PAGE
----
Next: This South American country also lands on the list of the most narcissistic nations.
Even more narcissistic than Germany and the United Kingdom? Chile, which lands in eighth place. The country has a 9.2-point difference between its internal and external valuation. That means that Chileans often have higher opinions of their country than other people rating the South American nation. Nobody likes a narcissist, but really we forgive Chile. Lonely Planet characterizes the nation as a “land of extremes” with diverse landscapes, a welcoming attitude, and a leisurely pace.
Next: Some Americans may feel surprised to see this country on the list.
Next on the list? Mexico, which lands in seventh place among the most narcissistic nations in the world. Mexico has a 9.5-point gap between its internal and external valuations, meaning that Mexicans think more highly of their country than citizens of other nations rating it. Yet there’s still plenty to love about Mexico. Travel + Leisure refers to Mexico as “a country rich with history, delicious food and sprawling beaches.” That sounds like a pretty ideal combination to us.
Next: This North African country has a very favorable opinion of itself.
In sixth place on the list of the most narcissistic nations is Morocco. This North African country had a gap of 11.5 points between its internal and external valuations. So Moroccans have a much higher opinion of their country than other respondents to the Reputation Institute’s surveys. But we don’t really blame them for it. CNN Travel characterizes this nation as a mix of “Middle Eastern magic, Berber tradition and European flair.” It’s also one of the most moderate and peaceful countries in its area of the world.
Next: This South American nation makes the top five among the most narcissistic countries.
Here’s where the final countdown begins! Colombia makes the top five of the most narcissistic countries in the world. The Reputation Institute found that this South American country had a 12.4-point difference between its internal and external valuations. But with everything there is to see and do in Colombia, we forgive the nation its narcissism. Lonely Planet recommends that travelers get to know the nation’s “soaring Andean summits, unspoiled Caribbean coast, enigmatic Amazon jungle, cryptic archaeological ruins, and cobbled colonial communities” — all things we wouldn’t mind visiting someday.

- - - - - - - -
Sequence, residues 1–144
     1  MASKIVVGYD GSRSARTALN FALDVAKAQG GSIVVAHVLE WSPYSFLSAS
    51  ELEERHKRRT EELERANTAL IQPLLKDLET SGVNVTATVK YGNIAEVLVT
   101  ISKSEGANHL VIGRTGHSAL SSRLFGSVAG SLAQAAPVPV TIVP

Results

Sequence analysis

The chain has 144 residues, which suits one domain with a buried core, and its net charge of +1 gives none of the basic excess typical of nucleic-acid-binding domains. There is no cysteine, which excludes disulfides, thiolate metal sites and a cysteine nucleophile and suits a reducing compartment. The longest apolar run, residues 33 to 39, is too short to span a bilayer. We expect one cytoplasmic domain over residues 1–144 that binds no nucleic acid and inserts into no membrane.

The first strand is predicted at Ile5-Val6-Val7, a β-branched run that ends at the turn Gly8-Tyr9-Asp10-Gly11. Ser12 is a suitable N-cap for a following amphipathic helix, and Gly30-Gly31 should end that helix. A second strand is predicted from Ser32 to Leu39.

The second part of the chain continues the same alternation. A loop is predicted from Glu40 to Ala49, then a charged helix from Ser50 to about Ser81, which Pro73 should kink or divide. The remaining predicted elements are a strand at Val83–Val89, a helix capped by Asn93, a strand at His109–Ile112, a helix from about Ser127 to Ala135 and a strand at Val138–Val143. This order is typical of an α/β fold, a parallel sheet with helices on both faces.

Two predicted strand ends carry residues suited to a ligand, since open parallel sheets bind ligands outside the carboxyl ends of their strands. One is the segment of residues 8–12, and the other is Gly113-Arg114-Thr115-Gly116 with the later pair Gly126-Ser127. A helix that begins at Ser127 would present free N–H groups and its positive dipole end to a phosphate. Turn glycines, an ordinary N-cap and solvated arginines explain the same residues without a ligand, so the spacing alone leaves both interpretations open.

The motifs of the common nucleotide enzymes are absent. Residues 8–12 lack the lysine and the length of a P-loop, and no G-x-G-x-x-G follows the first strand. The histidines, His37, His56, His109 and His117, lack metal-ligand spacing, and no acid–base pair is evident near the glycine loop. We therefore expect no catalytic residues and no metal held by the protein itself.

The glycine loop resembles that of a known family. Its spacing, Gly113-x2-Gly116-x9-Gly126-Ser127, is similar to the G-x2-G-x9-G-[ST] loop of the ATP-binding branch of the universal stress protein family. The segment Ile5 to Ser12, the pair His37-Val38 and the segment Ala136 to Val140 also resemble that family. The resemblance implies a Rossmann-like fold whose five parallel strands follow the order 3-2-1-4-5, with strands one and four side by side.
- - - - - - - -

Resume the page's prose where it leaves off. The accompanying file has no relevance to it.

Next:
Next: This country is even more narcissistic than Colombia.
Next on the list of the most narcissistic countries is Peru, which has a significantly larger gap between its internal and external valuations than even Colombia. The difference between Peru’s internal and external valuations reached 17.3 points — a pretty big gap. Yet again, we can’t really hold that against Peruvians. As Travel + Leisure puts it, “There are countless reasons to travel to Peru. From the vibrant local culture, to the delicious cuisine, to the country’s magnificently beautiful natural landscape, Peru is a nation of wonders.”
Next: Next up is the third most narcissistic country in the world.
Turkey lands in third place among the most narcissistic countries in the world. This middle eastern country had a major gap between its internal and external valuations: an entire 18.8 points! (But, to be fair, that’s nothing compared to the two countries at the very top of the list.) Additionally, the Turkish have plenty of good reasons to feel proud of their country. Travel + Leisure lists the many reasons to love the country, including its rich history, its world-class hotels, its growing arts and culture scene, and its amazing markets.
Next: You’ll never believe which nation lands in second place.
2. United States of America
Here’s what you’ve been waiting for: the United States! The U.S. is the second-most narcissistic country in the world, with a huge 23.4-point gap between its internal and external valuations. The Reputation Institute posits that that may have something to do with the global reaction to our current commander-in-chief, who may land among the most narcissistic presidents himself.
Next: This country is the most narcissistic nation in the entire world.
As for first place? That dubious honor goes to Russia, which wins the title of the most narcissistic country in the world. The Reputation Institute reports that there’s a gigantic 40.8-point difference between Russia’s internal and external valuations. While many Americans are just fine disliking Russia, there are definitely some reasons to forgive Russia its narcissism (at least the type that the Reputation Institute tracks). Lonely Planet notes that the world’s largest nation offers an incredible diversity of culture, geography, and history that’s worth experiencing — even if the country is one of the most difficult in the world for Americans to visit.
Check out The Cheat Sheet on Facebook!